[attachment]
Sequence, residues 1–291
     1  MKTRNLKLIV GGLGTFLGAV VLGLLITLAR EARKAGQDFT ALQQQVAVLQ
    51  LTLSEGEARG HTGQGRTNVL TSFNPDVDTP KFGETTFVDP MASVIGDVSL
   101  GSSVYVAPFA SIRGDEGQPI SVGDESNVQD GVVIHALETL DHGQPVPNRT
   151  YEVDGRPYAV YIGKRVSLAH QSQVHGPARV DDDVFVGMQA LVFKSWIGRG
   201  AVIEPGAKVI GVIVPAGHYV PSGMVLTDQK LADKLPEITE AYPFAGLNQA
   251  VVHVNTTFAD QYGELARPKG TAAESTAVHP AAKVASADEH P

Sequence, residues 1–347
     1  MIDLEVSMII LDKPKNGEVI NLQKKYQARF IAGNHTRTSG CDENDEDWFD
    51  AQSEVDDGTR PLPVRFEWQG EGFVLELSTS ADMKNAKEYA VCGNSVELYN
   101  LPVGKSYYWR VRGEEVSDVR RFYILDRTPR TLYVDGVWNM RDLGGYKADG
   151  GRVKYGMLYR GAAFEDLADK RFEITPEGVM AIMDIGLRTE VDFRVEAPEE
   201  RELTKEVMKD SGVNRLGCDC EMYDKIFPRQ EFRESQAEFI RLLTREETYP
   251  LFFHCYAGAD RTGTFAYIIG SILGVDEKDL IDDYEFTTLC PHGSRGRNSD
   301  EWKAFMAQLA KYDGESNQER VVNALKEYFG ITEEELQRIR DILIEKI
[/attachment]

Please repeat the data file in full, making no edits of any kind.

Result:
Sequence, residues 1–291
     1  MKTRNLKLIV GGLGTFLGAV VLGLLITLAR EARKAGQDFT ALQQQVAVLQ
    51  LTLSEGEARG HTGQGRTNVL TSFNPDVDTP KFGETTFVDP MASVIGDVSL
   101  GSSVYVAPFA SIRGDEGQPI SVGDESNVQD GVVIHALETL DHGQPVPNRT
   151  YEVDGRPYAV YIGKRVSLAH QSQVHGPARV DDDVFVGMQA LVFKSWIGRG
   201  AVIEPGAKVI GVIVPAGHYV PSGMVLTDQK LADKLPEITE AYPFAGLNQA
   251  VVHVNTTFAD QYGELARPKG TAAESTAVHP AAKVASADEH P

Sequence, residues 1–347
     1  MIDLEVSMII LDKPKNGEVI NLQKKYQARF IAGNHTRTSG CDENDEDWFD
    51  AQSEVDDGTR PLPVRFEWQG EGFVLELSTS ADMKNAKEYA VCGNSVELYN
   101  LPVGKSYYWR VRGEEVSDVR RFYILDRTPR TLYVDGVWNM RDLGGYKADG
   151  GRVKYGMLYR GAAFEDLADK RFEITPEGVM AIMDIGLRTE VDFRVEAPEE
   201  RELTKEVMKD SGVNRLGCDC EMYDKIFPRQ EFRESQAEFI RLLTREETYP
   251  LFFHCYAGAD RTGTFAYIIG SILGVDEKDL IDDYEFTTLC PHGSRGRNSD
   301  EWKAFMAQLA KYDGESNQER VVNALKEYFG ITEEELQRIR DILIEKI